P.S. Alone.***

* Is he running around Elsinore naked?
** More clickbait.

Claudius and Laertes are completely baffled. They, too, want to know what Hamlet means by “naked” (does he have all of his clothes off or just some of his clothes off?) and whether the whole crew is back in Denmark or just Hamlet.

Actually, Laertes isn’t too fussed about the details. He’s just glad Hamlet is back in the country so he’ll have the chance to look him square in the eye and say, “YOU DID THIS.” I want to do that also, but with M. Night Shyamalan. He knows what he did.

Claudius asks Laertes how far he’d be willing to go to prove that he truly loved his father—”in deed…more than in words.” This mirrors the conversation Hamlet once had with his father’s ghost, and it speaks to the inner turmoil he’s been struggling with.

Hamlet has spent most of this play talking about getting revenge but not actually doing it. Laertes, on the other hand, says he’s willing “to cut [Hamlet’s] throat i’ the’ church.” Seems excessive, but it highlights the contrast between Hamlet and Laertes. Remember how Hamlet couldn’t bring himself to kill Claudius while Claudius was praying? Laertes is no Hamlet. Laertes would kill you in front of God himself and also your weeping mother.

Claudius is like, “Okay, hold up.” He suggests they find a way to kill Hamlet and make it look like an accident. Hamlet has always been jealous of Laertes’ skill with the sword; perhaps they could goad him into a friendly duel. Unbeknownst to Hamlet, however:

  1. Laertes will be using a sharpened sword instead of a customary dull-tipped fencing blade.
  2. The tip of said sword will be dipped in poison.
  3. If those first two things don’t kill him because Hamlet somehow wins the duel, Claudius will offer him a congratulatory cup of poisoned wine.

With so many murder weapons in play, I’m sure there’s no way this could go wrong. The good news? I’m finally getting my sword fight! Woohoo!

And we COULD have ended on that delightful note, but this is a Shakespeare play, so Gertrude enters the room and informs us all that Ophelia has drowned. When prompted by Laertes (“Drowned? Oh, where?”), she elaborates. Ophelia was making a flower crown when she fell in the river. She continued to lie there, buoyed above the water by her 75 inexplicable shawls, until eventually she was pulled under. She was also singing to herself when she died. I have no clue how Gertrude knows the specifics of this, but that’s probably a dumb question and I’m a dumb person for asking it because no one else cares.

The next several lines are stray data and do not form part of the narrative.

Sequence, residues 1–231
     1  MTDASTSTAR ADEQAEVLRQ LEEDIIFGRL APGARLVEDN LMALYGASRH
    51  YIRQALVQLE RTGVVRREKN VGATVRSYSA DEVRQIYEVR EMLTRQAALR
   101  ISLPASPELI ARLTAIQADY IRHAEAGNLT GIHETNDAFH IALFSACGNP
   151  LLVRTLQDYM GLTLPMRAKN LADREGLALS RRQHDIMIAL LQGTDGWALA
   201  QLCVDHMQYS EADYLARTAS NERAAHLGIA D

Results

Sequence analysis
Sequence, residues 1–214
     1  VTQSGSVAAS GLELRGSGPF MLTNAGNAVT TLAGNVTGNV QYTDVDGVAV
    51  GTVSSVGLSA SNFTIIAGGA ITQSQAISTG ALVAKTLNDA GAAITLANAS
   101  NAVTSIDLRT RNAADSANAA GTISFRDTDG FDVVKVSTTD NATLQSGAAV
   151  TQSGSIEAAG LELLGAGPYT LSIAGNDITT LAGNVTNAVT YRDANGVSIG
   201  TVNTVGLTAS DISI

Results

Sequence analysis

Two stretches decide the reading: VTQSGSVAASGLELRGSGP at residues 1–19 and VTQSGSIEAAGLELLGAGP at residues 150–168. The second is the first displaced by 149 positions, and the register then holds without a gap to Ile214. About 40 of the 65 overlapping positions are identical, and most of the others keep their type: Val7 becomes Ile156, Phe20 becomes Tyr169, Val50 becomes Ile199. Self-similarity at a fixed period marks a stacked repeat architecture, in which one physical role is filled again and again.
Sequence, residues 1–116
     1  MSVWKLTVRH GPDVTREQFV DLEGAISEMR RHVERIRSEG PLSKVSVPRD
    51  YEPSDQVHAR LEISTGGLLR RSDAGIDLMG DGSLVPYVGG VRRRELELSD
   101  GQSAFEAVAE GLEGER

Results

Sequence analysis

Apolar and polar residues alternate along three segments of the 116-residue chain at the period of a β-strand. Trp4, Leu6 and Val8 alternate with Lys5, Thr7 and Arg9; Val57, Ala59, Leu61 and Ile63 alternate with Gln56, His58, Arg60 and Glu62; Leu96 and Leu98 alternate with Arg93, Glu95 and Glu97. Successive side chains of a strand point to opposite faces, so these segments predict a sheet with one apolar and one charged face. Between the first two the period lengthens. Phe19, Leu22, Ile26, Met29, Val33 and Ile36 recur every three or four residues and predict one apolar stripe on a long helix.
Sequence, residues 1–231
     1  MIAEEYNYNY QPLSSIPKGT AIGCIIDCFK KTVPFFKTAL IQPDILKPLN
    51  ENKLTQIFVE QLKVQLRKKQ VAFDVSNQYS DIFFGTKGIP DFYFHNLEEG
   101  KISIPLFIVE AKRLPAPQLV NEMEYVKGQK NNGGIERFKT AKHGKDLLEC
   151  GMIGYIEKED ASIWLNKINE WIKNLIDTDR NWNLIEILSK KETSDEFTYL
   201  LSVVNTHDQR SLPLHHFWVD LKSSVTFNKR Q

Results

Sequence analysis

In fact, the only person who’s bothered about the fact that we just lost 50% of the play’s female characters is Laertes. He begins sobbing, apologizes for being such a woman about this (PSA: men do not cry, they just FIX CARS AND PUNCH THINGS), and runs away. Claudius is like, “We should go after him. I worked really hard to turn that guy into my own personal rage assassin and I don’t want to have to start over.”



  1. Nineteenth-century artists were obsessed with Ophelia’s drowning. There are upwards of a million paintings on the subject, and they range from “Ophelia taking a nap in a river” to “Ophelia was a mermaid all along and now she must return to the sea.”
  2. I honestly expected Laertes to be more broken up about Ophelia. Remember when they were talking about her sex life back in Act 1, and he made it super weird?

Catch up on parts 1 through 9 of Blogging Hamlet here, or go check out the SparkNote!